James Neal has been the catalyst for the Golden Knights 3-0-0 start, scoring five goals to start the season.
Neal only has 11 shots on goal this season giving him a 45.4 percent shooting percentage on the year.
What’s been the key to Neal’s hot start? Largely being unaccounted for by opposing teams. His first goal of the season came on a delayed penalty. Maybe it was because it took Vegas about 15 seconds to get Marc-Andre Fluery off the ice and Neal on as an extra skater, but Dallas had no clue Neal was gliding in as an attacking option.
His overtime winner against Arizona came after David Perron danced with the puck, drawing all three Coyotes attention.
Neal just drifted to the side of the net, received the tremendous pass off the boards from Perron and had all the time and space to put home the game-winner.
The side of the net has been one of Neal’s favorite spots this season. Both of his goals in the home opener came from Neal getting to the side of the net and waiting for the puck to find him.
Neal drifts in front of the net and once Brayden McNabb’s shot is stopped, Neal is position to corral the puck and fire to the near-side post, the same place he beat Antti Rannta in overtime one game earlier.
He then broke the Golden Knights power play dry spell by squatting on the other post.
After Reilly Smith handled a puck the puck in his skates and fired it back across ice, all Neal had to do was jam it home.
Neal has put himself in great positions to score. He’s finding openings where he can get time and space to get quality shots on goal from quality passes by his teammates.
He’s also been the benefit of shaky goaltending. Two of his goals against Arizona came from Raanta giving him an opening on the near post.
And his tremendous game winner against Dallas was only possible because Kari Lehtonen went flopping to the ice too early.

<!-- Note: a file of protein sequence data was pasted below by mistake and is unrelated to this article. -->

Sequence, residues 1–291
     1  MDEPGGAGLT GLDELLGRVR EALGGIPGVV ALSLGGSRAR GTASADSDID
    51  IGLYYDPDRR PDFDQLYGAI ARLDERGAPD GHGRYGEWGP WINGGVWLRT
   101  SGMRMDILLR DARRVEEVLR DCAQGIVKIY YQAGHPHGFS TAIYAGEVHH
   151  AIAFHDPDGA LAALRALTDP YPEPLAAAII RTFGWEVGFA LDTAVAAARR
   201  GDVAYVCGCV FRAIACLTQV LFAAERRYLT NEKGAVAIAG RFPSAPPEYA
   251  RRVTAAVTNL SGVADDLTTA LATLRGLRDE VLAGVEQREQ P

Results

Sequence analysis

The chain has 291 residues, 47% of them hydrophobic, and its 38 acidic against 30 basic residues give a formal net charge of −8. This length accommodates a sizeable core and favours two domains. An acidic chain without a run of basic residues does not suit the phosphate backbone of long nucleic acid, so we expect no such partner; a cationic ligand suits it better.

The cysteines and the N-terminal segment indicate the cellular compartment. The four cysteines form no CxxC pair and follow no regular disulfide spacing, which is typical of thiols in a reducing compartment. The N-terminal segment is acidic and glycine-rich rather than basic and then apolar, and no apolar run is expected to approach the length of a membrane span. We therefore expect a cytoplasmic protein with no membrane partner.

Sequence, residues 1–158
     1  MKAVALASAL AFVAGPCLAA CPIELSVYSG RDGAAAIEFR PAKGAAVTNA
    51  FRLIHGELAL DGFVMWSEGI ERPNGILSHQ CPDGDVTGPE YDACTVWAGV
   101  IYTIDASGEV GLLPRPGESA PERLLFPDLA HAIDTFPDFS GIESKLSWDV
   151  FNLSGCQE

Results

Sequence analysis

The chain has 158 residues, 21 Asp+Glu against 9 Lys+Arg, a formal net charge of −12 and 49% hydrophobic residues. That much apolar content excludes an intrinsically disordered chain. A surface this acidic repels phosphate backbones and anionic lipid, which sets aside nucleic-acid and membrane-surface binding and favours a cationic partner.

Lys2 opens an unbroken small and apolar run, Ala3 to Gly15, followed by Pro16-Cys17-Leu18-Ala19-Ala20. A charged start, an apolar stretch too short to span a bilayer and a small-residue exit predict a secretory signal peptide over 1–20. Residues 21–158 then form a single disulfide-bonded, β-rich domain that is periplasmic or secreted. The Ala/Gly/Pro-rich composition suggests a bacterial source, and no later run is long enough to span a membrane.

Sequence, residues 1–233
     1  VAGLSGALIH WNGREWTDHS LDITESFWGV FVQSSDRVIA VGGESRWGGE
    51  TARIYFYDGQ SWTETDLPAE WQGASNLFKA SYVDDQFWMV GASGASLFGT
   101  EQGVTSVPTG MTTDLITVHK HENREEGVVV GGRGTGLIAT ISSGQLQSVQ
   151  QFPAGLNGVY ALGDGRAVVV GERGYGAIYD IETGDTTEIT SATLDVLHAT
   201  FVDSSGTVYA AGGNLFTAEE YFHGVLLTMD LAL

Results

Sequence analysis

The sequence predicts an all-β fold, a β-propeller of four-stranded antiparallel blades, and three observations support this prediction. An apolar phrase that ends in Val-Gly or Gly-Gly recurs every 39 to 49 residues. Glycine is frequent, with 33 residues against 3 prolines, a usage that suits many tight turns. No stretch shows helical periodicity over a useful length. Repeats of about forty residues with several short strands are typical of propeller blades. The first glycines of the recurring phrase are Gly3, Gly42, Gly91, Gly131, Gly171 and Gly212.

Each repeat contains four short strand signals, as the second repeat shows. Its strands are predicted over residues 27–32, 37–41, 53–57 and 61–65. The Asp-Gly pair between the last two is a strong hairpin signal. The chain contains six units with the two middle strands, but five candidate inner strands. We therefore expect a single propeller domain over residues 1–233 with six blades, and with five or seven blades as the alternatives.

Neal, who controls the puck while on one knee, has nearly the entire net to shoot out after Lehtonen took himself out of the play.
While five goals on 11 shots is highly unsustainable, Neal has been a part of the Golden Knights best line.
Perron, Neal and Cody Eakin have been playing as the first line for the Golden Knights and they have been delivering. Through three games, Neal’s Corsi For percentage is 62 percent. Perron and Eakin aren’t far behind at 57.1 percent.
They are the three leaders for the Golden Knights in Corsi and it isn’t close. No other forward is even at 50 percent, and only Nate Schmidt, Luca Sbisa and Deryk Engelland have a Corsi For percentage at or above 50 percent.
Neal has the benefit of being used in offensive situations. He leads the team with 60.6 percent of his zone starts coming in the offensive end. Compare that with the the Golden Knights second line of Reilly Smith, Jonathan Marchessault and Oscar Lindberg, who are all starting starting in the defensive zone 60 percent of the time.
The goals won’t keep flying in at this rate, but Neal will remain one of the Golden Knights most productive players for however long he is in Vegas.
Tyler Bischoff hosts Coaches Corner on AM 720 KDWN Monday through Friday at 6:00 pm.